On paper, Dark Void sounds like an absolutely fantastic mix of different gameplay styles and ideas that should be a unique and fun experience. It boldly melds Gears of War’s cover-and-shoot gunplay with The Rocketeer inspired mid-air combat in a package that allows you to immediately go from one to the other with the push of a button.
Unfortunately, games that look great on paper don’t always translate well into real, fun and entertaining products. When this occurs, it’s typically due to bad execution, and Dark Void is 2010’s first poster child for poor execution by a developer.
During the game’s eight to ten hour single-player campaign, you’ll play as William Grey, a cargo pilot who suddenly finds himself stranded in the Bermuda Triangle when his plane mysteriously crashes. Things soon get out of hand as Will becomes embroiled in a war between a group of humans, called the Survivors, and an alien race, known as the Watchers. Will eventually gets teleported to a parallel universe, known as The Void, where his only hope for escape lies in stopping the aliens’ evil plans to enslave all mankind.
When Dark Void first begins, it presents the player with an Uncharted 2 style of cover-and-shoot gameplay mechanics. While this will immediately feel familiar to anyone who’s played these type of games, it quickly becomes apparent that Dark Void simply doesn’t execute the style as well as many of its predecessors. Not ducking behind the desired cover is frustrating, and even when you are behind cover, enough of your character sticks out to be shot. It also doesn’t help that the controls aren’t as tight as many other games in the genre.
One new element that the game does introduce is a vertical cover system. As a player is climbing up or down platforms, it allows the platform itself to be used as cover while the player shoots enemies above or below them. It’s a brilliant idea that brings a whole new dimension to the aging cover-and-shoot mechanic. Unfortunately the experience can be very disorienting, and it can take a little while to get used to.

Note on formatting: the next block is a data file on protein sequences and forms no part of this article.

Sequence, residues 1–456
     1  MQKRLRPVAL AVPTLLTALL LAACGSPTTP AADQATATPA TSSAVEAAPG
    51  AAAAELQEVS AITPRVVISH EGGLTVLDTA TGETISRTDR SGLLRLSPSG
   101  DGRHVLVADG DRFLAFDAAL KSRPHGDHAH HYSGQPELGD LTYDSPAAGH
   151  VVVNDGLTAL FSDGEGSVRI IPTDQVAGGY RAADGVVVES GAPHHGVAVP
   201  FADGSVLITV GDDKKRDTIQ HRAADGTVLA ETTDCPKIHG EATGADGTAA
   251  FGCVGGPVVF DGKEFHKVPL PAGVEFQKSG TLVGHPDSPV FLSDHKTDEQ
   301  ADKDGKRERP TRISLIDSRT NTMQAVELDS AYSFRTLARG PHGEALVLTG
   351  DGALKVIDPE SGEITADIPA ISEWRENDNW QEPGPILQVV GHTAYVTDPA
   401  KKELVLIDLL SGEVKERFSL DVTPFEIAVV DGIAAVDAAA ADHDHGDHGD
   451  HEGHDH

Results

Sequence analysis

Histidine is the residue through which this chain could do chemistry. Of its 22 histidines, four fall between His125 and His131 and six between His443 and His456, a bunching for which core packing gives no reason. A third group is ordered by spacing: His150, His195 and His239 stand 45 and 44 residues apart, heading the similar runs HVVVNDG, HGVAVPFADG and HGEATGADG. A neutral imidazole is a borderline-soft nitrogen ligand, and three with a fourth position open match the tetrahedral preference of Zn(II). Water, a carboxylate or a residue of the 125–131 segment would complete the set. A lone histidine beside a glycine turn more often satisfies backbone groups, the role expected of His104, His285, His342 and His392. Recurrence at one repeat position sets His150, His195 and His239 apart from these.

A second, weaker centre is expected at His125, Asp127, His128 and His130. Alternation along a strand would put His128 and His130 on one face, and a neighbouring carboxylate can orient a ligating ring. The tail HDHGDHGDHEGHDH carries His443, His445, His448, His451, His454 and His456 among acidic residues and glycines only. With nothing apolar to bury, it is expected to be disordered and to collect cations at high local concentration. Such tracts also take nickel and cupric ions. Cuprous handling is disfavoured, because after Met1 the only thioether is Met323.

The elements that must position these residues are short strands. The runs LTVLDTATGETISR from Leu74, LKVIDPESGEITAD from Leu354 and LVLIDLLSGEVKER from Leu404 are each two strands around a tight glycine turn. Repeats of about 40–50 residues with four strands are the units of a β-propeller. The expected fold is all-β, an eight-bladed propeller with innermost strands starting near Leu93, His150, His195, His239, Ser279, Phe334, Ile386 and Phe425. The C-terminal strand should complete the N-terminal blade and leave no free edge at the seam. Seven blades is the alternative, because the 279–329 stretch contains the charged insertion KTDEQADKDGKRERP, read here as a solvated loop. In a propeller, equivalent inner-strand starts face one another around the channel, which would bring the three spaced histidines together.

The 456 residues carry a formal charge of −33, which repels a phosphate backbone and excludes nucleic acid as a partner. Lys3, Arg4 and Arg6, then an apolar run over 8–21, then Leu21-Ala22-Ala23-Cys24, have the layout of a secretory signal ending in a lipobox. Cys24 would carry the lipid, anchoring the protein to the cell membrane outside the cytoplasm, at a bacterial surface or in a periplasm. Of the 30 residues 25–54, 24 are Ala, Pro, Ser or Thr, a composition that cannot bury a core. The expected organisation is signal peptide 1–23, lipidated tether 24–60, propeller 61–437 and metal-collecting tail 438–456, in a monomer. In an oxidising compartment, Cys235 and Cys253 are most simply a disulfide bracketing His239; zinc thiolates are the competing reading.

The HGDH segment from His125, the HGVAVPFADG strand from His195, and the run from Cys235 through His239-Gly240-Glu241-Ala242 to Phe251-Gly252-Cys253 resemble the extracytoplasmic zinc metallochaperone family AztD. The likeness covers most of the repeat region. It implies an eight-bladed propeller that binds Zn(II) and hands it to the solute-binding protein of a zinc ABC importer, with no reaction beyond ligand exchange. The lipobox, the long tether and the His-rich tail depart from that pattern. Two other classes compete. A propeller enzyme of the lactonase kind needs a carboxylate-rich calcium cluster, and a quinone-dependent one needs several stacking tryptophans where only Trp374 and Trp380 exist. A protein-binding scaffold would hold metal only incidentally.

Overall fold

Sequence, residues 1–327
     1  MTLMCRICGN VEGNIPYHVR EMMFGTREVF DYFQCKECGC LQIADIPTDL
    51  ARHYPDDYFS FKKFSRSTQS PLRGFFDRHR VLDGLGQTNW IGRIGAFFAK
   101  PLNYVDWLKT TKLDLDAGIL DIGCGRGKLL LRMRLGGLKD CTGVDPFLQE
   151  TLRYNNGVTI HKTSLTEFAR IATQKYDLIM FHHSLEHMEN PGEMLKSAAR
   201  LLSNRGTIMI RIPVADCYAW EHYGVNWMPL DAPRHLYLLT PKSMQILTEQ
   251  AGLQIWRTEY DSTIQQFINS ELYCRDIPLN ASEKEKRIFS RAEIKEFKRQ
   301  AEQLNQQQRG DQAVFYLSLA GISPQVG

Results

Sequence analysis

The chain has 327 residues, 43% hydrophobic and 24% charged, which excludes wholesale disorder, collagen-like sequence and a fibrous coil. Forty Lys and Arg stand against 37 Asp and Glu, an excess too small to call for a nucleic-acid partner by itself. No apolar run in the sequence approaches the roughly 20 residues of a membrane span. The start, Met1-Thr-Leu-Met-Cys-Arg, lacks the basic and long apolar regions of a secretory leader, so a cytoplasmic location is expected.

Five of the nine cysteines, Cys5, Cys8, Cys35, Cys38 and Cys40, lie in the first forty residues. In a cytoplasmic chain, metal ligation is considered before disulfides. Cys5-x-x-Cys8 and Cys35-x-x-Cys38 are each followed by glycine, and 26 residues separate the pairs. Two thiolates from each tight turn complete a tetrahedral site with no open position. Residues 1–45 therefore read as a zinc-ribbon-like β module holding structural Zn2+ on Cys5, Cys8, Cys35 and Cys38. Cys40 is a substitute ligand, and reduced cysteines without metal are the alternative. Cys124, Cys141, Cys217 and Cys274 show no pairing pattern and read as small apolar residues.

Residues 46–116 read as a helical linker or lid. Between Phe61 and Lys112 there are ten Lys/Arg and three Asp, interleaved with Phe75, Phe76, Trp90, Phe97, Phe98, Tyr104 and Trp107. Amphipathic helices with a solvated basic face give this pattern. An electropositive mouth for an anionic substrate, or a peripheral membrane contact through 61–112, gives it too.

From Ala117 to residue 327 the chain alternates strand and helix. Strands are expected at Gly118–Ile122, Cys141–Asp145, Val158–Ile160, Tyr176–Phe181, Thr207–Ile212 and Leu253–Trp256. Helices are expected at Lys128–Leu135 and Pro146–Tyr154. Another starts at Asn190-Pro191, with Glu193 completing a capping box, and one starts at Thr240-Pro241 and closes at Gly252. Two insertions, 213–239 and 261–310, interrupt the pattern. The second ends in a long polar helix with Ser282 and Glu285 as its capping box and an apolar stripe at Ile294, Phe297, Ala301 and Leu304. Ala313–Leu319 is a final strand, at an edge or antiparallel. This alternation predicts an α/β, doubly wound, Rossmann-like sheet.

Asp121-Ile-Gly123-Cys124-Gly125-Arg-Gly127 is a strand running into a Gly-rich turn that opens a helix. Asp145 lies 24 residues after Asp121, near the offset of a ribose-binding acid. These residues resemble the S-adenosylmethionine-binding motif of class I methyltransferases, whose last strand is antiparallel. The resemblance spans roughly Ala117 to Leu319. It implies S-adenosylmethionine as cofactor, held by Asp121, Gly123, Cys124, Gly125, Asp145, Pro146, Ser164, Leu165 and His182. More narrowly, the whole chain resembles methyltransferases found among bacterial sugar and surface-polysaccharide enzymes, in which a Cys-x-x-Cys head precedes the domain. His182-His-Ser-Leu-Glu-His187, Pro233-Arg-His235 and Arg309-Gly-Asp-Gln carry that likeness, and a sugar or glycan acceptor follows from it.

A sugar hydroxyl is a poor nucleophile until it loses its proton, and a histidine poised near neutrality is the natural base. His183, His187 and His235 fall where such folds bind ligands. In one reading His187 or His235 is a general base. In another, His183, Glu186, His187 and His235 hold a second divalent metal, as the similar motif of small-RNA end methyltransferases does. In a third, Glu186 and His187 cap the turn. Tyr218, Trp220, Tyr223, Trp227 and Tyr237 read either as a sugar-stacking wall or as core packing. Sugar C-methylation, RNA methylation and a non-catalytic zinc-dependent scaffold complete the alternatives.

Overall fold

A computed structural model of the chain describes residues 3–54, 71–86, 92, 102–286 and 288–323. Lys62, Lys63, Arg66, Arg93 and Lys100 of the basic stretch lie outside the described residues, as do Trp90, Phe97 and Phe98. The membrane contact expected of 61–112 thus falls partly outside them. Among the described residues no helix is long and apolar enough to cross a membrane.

About a third of the way into the game, you’ll eventually get to leave the ground behind as you strap on a jet pack and take to the very unfriendly skies. It’s at this point that you’ll have to learn a completely new set of controls, which luckily are much tighter than the poor ground combat controls. Unfortunately, the gameplay itself isn’t any more entertaining.
The main reason the air combat is disappointing is because there’s not much to it. The only weapon at your disposal is your rocket pack guns, though your pack can be upgraded later to include a single-direction missile launcher. One interesting twist is that you can take control of a Survivor aircraft, called the Devastator, and you can also hi-jack a Watcher UFO (Grand Theft Auto style). Doing so doesn’t really yield you any benefits, as their weapons and controls aren’t any better than the standard jetpack.
Dark Void does shine when it combines the ground combat with the aerial combat for a go anywhere, do anything style of gameplay. The transition between the two is very well done and is accomplished with a simple push of a button. There’s nothing more exhilarating than flying toward an enemy who’s trying to snipe you, then landing just in time to grab him, turn him around, and shoot him through the chest, all before jumping behind cover to prevent another Watcher from taking you out.